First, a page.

Senate Majority Leader Mitch McConnell (R-Ky.) on Monday declined to discuss the details of a Republican backup plan for ObamaCare, saying that the party will be ready if the Supreme Court rules against the healthcare law.

“We’ll have a plan that makes sense for the American people,” the Republican leader said during an interview with The Joe Elliott Show. “If the plaintiff is successful it will require some addressing of the issue, and if that were to happen we’ll be ready to announce our proposal.”

The Supreme Court is expected to announce its decision this month in the King v. Burwell case, which could cancel subsidies for millions of Americans who are enrolled through the federal website HealthCare.gov.

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President Barack Obama had barely finished proposing an idea to deal with a far-reaching Supreme Court decision on Obamacare before Republicans fired back with a categorical response: Not gonna happen.

At the G7 conference in Germany on Monday, the president said if the justices strip subsidies from millions of Americans, “Congress could fix this whole thing with a one-sentence provision” making clear that Healthcare.gov subsidies are available in all 50 states. Republicans quickly fired off a rebuttal.

“Let’s be clear: if the Supreme Court rules against the Administration, Congress will not pass a so called ‘one-sentence’ fake fix,” Wyoming Senator John Barrasso, who is leading Republican efforts to craft a contingency plan, said in a statement.

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President Barack Obama expressed confidence that the Supreme Court would uphold subsidies millions of consumers use to buy health insurance, and at the same time warned of possible dire consequences if that doesn’t happen.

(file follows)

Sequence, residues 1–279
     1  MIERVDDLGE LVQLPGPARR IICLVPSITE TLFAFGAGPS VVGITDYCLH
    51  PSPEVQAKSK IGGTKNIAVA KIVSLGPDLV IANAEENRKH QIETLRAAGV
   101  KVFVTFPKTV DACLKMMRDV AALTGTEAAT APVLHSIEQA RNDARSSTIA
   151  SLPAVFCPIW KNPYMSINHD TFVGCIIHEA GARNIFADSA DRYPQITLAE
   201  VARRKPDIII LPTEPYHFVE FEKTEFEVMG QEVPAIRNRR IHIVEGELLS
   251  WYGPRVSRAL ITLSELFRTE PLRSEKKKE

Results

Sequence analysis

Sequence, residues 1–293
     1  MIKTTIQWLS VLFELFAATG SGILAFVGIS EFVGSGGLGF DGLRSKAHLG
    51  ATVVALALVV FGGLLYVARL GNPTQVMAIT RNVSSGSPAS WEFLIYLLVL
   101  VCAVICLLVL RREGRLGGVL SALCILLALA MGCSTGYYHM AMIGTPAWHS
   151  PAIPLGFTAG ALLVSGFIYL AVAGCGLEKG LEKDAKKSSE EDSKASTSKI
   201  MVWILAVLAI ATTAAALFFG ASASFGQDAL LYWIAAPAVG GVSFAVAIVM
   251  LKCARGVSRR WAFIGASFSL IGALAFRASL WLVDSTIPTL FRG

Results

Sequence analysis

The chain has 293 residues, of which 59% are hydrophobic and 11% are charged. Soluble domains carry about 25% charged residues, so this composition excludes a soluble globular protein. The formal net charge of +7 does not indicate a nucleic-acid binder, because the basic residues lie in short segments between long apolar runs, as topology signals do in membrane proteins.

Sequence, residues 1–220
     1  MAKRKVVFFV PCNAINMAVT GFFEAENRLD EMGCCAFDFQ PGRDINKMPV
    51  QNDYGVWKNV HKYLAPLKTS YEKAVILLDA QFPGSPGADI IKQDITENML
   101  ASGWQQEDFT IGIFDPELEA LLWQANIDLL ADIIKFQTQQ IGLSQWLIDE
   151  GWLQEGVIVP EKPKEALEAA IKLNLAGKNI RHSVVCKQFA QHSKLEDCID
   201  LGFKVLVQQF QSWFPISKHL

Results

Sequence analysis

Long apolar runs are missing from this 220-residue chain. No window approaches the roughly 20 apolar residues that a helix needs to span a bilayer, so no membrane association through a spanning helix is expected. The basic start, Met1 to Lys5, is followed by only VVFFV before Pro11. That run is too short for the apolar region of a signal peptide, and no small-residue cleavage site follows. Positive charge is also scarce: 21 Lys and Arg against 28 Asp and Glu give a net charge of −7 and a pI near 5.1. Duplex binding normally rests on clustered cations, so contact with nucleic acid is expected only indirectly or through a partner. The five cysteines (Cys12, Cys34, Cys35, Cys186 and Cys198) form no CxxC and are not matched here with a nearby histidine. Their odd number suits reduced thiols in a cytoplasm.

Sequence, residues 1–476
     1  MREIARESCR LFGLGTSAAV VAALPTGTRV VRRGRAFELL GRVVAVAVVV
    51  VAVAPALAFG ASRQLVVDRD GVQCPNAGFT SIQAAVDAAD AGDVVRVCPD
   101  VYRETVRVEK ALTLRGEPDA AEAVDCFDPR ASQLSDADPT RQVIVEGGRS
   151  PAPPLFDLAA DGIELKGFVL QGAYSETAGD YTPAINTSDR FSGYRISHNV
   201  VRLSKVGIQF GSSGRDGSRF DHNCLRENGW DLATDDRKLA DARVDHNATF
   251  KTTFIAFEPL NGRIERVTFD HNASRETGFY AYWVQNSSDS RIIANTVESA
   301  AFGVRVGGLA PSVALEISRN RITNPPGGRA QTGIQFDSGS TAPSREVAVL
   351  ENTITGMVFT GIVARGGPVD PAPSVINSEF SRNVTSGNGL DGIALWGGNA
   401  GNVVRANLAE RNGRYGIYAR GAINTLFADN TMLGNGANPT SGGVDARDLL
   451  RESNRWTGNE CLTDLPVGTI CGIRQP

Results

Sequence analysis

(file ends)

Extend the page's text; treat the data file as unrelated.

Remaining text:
Speaking Monday at a news conference in Germany, at the Group of Seven summit, Mr. Obama said the case, which the Supreme Court is expected to decide near the end of the month “should be an easy case. Frankly, it probably shouldn’t even have been taken up.”

Plaintiffs in the case, King v. Burwell, argue that four words in the health law mean subsidies under the 2010 Affordable Care Act can go only to residents of the dozen states that established their own health-insurance exchanges, rather than the rest of the country, which relies on the federal government HealthCare.gov website

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As expectations rise that the Supreme Court will slap down the federal subsidies to help low- to moderate-income Americans get health insurance, a new poll finds that voters want the system reformed and would reward politicians to come up with a fix.

The Public Policy Polling survey found that 61 percent of Americans believe that those eligible for subsidies should be able to get them no matter what state they live in.

What’s more, the poll done for the progressive group Americans United For Change finds that most, no matter which party, want the law fixed to provide subsidies even if they are struck down by the court.

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In response to a question at a press conference today following the G7 summit in Germany, President Obama commented on the pending decision in the Competitive Enterprise Institute’s U.S. Supreme Court case King v. Burwell:

“And so this should be an easy case. Frankly, it probably shouldn’t even have been taken up. And since we’re going to get a ruling pretty quick, I think it’s important for us to go ahead and assume that the Supreme Court is going to do what most legal scholars who’ve looked at this would expect them to do.”